Razavi Khorasan Province

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Razavi Khorasan Province
استان خراسان رضوی
Province
Map of Iran with Razavi Khorasan highlighted
Location of Razavi Khorasan within Iran
Coordinates: 36°17′53″N 59°36′21″E / 36.2980°N 59.6057°E / 36.2980; 59.6057Coordinates: 36°17′53″N 59°36′21″E / 36.2980°N 59.6057°E / 36.2980; 59.6057
Country  Iran
Region Region 5
Capital Mashhad
Counties 25
Area
 • Total 118,884 km2 (45,901 sq mi)
Population (2011)[1]
 • Total 5,994,279
 • Density 50/km2 (130/sq mi)
Time zone IRST (UTC+03:30)
 • Summer (DST) IRST (UTC+04:30)
Main language(s) Persian

Razavi Khorasan Province (Persian: استان خراسان رضوی‎, Ostān-e Khorāsān-e Rażavī ) is a province located in northeastern Iran. Mashhad is the centre and capital of the province. Other cities and townships are Quchan, Dargaz, Chenaran, Sarakhs, Fariman, Torbat-e Heydarieh, Torbat-e Jam, Taybad, Khaf, Roshtkhar, Kashmar, Bardaskan, Nishapur, Sabzevar, Gonabad, Kalat, Khalilabad and Mahvelat. Razavi Khorasan is one of the three provinces that were created after the division of Khorasan Province in 2004. In 2014 it was placed in Region 5[2] with Mashhad as the location of the region's secretariat.

History[edit]

Greater Khorasan has witnessed the rise and fall of many dynasties and governments in its territory throughout history. Various tribes of the Arabs, Turks, Kurds,[3] Turkemen and Mongols brought changes to the region time and time again.

Ancient geographers of Iran divided Iran ("Iran-Shahr") into eight segments of which the most flourishing and largest was the territory of Greater Khorasan. Esfarayen, among other cities of the province, was one of the focal points for residence of the Aryan tribes after entering Iran.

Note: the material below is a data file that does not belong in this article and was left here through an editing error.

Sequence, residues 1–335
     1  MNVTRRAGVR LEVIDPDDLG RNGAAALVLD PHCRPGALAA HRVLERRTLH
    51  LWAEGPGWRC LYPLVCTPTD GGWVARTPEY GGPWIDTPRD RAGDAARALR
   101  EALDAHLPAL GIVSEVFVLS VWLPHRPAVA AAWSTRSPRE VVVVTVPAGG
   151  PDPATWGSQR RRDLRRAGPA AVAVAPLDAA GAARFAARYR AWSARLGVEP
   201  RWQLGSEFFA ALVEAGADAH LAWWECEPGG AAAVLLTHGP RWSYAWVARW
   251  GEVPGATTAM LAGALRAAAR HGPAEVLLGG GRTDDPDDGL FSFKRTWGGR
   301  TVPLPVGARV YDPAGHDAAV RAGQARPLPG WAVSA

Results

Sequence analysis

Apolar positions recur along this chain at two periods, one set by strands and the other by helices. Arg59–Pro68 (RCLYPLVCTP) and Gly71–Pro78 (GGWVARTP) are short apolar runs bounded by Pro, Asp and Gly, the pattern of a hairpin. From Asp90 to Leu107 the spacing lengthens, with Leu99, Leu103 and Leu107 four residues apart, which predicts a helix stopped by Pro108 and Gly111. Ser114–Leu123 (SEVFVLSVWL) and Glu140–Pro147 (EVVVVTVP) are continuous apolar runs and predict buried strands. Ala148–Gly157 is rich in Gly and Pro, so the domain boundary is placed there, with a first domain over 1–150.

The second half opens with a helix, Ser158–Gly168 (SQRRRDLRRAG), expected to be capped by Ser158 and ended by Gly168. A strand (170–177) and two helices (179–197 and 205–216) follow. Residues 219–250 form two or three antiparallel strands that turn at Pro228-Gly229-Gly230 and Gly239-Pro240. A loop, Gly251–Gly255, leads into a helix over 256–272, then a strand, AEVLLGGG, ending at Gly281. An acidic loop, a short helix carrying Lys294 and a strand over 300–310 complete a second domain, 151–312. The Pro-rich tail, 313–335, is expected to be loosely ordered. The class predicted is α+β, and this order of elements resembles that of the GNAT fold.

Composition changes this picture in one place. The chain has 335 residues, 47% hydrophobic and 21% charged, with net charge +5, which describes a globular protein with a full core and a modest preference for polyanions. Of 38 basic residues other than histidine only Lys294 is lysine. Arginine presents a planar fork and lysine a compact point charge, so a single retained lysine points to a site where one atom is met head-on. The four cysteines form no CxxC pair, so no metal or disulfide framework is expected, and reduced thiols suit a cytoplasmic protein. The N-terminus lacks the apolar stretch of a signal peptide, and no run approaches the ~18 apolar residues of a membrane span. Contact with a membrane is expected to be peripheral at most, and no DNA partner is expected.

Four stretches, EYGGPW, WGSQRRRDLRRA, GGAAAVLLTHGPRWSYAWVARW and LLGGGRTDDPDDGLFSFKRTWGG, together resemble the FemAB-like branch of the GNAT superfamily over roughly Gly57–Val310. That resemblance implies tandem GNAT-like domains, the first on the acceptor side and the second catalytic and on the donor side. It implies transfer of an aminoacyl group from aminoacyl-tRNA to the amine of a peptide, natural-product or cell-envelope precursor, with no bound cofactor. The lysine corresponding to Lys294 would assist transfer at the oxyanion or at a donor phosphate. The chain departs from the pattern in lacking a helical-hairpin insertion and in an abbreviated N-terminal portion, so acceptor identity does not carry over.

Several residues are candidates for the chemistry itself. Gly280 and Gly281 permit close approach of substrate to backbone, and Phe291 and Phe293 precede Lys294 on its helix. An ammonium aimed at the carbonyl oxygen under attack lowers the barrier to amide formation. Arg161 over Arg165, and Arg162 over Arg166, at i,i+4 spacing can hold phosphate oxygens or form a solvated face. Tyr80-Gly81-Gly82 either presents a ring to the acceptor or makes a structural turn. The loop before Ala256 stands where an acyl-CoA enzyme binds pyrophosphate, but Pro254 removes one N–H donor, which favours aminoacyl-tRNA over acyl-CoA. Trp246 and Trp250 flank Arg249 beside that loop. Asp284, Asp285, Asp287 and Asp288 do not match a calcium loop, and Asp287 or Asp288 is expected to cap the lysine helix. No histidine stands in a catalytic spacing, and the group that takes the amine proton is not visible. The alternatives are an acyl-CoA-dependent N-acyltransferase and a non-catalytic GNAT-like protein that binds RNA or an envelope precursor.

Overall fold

The Parthian empire was based near Merv in Khorasan for many years. During the Sassanid dynasty the province was governed by a Spahbod (Lieutenant General) called "Padgoosban" and four margraves, each commander of one of the four parts of the province.

Khorasan was divided into four parts during the Muslim conquest of Persia, each section being named after the four largest cities, Nishapur, Merv, Herat, and Balkh.

In the year 651, the army of Islamic Arabs invaded Khorasan. The territory remained in the hands of the Abbasid clan until 820, followed by the rule of the Iranian Taherid clan in the year 896 and the Samanid dynasty in 900.

Mahmud of Ghazni conquered Khorasan in 994 and in the year 1037 Tuğrul Beg, the first of the Seljuq empire rulers, conquered Nishapur.

Mahmud Qaznavi retaliated against the invaders several times, and finally the Qaznavi Turks defeated Sultan Sanjar. But there was more to come, as in 1157 Khorasan was conquered by the Khwarazmids and because of simultaneous attacks by the Mongols, Khorasan was annexed to the territories of the Mongol Ilkhanate.

In the 14th century, a flag of independence was hoisted by the Sarbedaran movement in Sabzevar, and in 1468, Khorasan came into the hands of Timur, the city of Herat being elected as its capital.

In 1507, Khorasan was occupied by Uzbek tribes after the death of the Turkic king Nader Shah. In 1747, it was occupied by the Afghan Durrani Empire centered in Qandahar.

During the Qajar period, Britain supported the Afghans to protect their East India Company. Herat was thus separated from Persia, and Nasser-al-Din Shah was unable to defeat the British to take back Herat. Finally, the Paris Treaty was concluded in 1903 and Iran was compelled not to challenge the British for Herat and other parts of what is today Afghanistan.

Finally Khorasan was divided into two parts: the eastern part, which was the most densely populated region came under British occupation, and the other western section remained part of Iran.